If you can’t get your request approved, you might be tempted to set up an “informal” arrangement. For example, you could sell your house, leave the existing loan in place, and have the buyer reimburse you for mortgage payments.

This is a bad idea. Your mortgage agreement probably does not allow this, and you might even find yourself in legal trouble, depending on how things go. What’s more, you’re still responsible for the loan—even though you’re no longer living in the house.

What could go wrong? A few possibilities include:

  • If the buyer stops paying, the loan is in your name, so it’s still your problem. The late payments will appear on your credit reports, and lenders will come after you.
  • If the home is sold in foreclosure for less than it’s worth, you could be responsible for any deficiency.

There are other ways to offer seller financing to a potential buyer, including allowing a rent-to-own arrangement where part of the rent goes toward a down payment should the renter elect to buy.

Your Options

If you can’t get a mortgage transferred, you’ve still got options, depending on your situation.

Death, divorce, and family transfers might give you the right to make transfers, even if your lender says otherwise.

If you’re facing foreclosure: Some government programs make it easier to deal with the mortgage—even if you’re underwater or unemployed. Contact the U.S. Department of Housing and Urban Development to find out what applies in your situation.

If you’re getting divorced: Ask your attorney how to handle all your debts and how to protect yourself in case your ex-spouse does not make payments.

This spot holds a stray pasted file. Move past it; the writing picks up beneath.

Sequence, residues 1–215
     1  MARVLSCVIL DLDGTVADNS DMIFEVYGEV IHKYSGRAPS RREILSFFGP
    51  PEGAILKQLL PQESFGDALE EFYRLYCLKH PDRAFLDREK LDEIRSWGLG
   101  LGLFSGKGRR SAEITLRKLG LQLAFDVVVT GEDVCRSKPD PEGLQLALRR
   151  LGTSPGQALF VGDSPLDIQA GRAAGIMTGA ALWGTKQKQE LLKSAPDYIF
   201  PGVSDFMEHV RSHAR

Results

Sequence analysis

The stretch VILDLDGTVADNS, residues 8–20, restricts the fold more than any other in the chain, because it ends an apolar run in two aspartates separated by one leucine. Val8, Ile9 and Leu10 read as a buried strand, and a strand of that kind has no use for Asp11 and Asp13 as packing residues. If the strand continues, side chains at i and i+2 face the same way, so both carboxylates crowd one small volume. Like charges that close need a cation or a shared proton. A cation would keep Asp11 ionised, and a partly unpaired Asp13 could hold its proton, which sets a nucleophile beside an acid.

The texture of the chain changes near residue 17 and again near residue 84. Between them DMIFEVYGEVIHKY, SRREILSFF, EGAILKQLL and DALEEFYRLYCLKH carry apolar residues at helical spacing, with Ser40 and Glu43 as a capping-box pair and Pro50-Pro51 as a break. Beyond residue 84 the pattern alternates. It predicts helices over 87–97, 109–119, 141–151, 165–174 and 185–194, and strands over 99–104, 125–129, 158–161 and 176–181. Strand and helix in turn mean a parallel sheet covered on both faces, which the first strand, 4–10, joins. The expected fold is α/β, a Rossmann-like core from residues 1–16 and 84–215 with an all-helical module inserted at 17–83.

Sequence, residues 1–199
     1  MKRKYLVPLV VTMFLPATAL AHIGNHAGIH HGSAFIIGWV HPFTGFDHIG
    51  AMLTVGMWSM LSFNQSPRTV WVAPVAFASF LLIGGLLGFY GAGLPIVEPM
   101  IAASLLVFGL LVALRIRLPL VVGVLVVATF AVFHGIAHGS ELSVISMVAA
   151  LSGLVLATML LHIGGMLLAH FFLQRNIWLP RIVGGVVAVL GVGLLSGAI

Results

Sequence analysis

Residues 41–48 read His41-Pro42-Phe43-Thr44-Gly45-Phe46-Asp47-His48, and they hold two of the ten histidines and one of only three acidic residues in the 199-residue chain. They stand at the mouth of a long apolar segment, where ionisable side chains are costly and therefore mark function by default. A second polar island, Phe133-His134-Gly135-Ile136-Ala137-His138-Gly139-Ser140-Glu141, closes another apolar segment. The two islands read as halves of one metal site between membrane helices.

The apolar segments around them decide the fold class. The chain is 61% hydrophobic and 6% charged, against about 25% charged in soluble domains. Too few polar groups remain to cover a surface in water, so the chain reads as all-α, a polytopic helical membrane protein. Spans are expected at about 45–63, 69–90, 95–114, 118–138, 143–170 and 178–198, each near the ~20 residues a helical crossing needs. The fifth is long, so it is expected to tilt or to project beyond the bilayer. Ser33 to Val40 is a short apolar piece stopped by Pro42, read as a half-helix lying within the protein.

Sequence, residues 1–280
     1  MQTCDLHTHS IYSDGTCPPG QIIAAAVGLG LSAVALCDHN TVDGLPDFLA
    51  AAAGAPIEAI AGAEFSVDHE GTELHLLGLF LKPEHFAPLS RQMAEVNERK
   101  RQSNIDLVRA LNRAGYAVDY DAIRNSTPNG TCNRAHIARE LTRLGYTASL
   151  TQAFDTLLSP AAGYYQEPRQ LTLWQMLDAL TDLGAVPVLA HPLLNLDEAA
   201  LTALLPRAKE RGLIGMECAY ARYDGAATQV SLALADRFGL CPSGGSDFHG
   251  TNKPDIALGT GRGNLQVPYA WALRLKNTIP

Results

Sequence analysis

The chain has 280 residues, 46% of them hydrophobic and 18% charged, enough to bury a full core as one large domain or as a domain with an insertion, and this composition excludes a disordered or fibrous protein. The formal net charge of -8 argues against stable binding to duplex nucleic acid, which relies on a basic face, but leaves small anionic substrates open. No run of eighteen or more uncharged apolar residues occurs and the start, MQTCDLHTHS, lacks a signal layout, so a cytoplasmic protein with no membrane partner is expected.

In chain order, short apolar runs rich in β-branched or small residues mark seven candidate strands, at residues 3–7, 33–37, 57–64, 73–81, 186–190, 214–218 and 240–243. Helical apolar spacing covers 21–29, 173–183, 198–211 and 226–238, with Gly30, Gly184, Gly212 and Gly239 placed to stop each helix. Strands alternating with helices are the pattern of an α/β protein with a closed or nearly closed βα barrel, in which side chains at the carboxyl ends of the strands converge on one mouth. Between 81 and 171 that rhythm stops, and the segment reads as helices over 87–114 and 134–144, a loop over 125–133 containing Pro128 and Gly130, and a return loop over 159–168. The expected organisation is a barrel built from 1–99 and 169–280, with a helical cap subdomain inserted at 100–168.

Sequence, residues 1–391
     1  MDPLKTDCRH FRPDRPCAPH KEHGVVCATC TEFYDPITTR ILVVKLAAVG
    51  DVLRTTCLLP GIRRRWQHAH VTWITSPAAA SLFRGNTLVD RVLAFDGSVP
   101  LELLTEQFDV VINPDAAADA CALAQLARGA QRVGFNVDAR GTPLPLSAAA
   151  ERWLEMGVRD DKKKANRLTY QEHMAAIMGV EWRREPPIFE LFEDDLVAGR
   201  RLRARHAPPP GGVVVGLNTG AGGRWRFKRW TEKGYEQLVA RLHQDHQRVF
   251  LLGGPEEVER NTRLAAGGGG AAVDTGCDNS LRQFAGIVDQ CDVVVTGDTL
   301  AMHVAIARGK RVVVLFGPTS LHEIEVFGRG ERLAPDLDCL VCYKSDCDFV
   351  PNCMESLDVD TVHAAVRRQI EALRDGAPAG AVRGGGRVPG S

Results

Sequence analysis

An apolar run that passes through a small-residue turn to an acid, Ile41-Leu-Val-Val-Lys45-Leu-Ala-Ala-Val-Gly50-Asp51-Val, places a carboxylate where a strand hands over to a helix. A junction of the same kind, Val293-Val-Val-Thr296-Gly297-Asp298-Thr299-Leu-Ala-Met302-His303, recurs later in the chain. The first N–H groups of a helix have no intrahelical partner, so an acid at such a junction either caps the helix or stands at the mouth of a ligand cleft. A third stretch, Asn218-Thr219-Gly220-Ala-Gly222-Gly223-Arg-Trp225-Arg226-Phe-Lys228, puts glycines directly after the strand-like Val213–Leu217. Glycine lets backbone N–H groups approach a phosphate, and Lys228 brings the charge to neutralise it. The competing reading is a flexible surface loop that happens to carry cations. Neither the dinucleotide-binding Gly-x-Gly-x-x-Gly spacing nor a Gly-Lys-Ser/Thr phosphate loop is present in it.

If a homeowner has died: A local attorney can help you determine what to do next.

If you’re transferring assets to a trust: Double-check with your estate planning attorney to ensure you will not trigger an acceleration clause.

Refinancing

If a loan is not assumable and you can’t find an exception to a due-on-sale clause, refinancing the loan might be your best option. Similar to an assumption, the new borrower will need sufficient income and credit to qualify for the loan.

The new homeowner will simply apply for a new loan individually and use that loan to pay off the existing mortgage debt. You may need to coordinate with your lenders to get liens removed (unless the new borrower and new lender agree to them) so you can use the house as collateral, but it’s a good, clean way to get the job done.

Article Sources

  1. Consumer Financial Protection Bureau. "§ 1026.20 Disclosure Requirements Regarding Post-Consummation Events." Accessed April 1, 2020.

  2. U.S. Department of Housing and Urban Development. "Mortgage Credit Analysis for Mortgage Insurance on One- to Four-Unit Mortgage Loans Handbook (4155.1), Chapter 7," Page. 7-2. Accessed April 1, 2020.

  3. Bank of America. "Mortgage Assumptions: Understanding Your Options." Accessed April 1, 2020.

  4. U.S. Department of Veterans Affairs. "Federal Benefits for Veterans, Dependents and Survivors: Chapter 6 Home Loan Guaranty." Accessed April 1, 2020.

  5. U.S. Department of Housing and Urban Development. "Mortgage Credit Analysis for Mortgage Insurance on One- to Four-Unit Mortgage Loans Handbook (4155.1), Chapter 7," Page. 7-1. Accessed April 1, 2020.

  6. Cornell Law School "12 U.S. Code § 1701j–3. Preemption of Due-On-Sale Prohibitions." Accessed April 1, 2020.

  7. Federal Deposit Insurance Corporation. "Part 591—Preemption of State Due-On Sale Laws." Accessed April 1, 2020

  8. Federal Housing Finance Agency. "Management of Deficiency Balances." Accessed April 1, 2020.

  9. Federal Trade Commission. "What You Need to Know About Rent-To-Own Deals." Accessed April 1, 2020.

  10. U.S. Department of Housing and Urban Development. "Relocation, Foreclosure and Eviction." Accessed April 1, 2020.

  11. Board of Governors of the Federal Reserve System. "A Consumer's Guide to Mortgage Refinancings." Accessed April 1, 2020.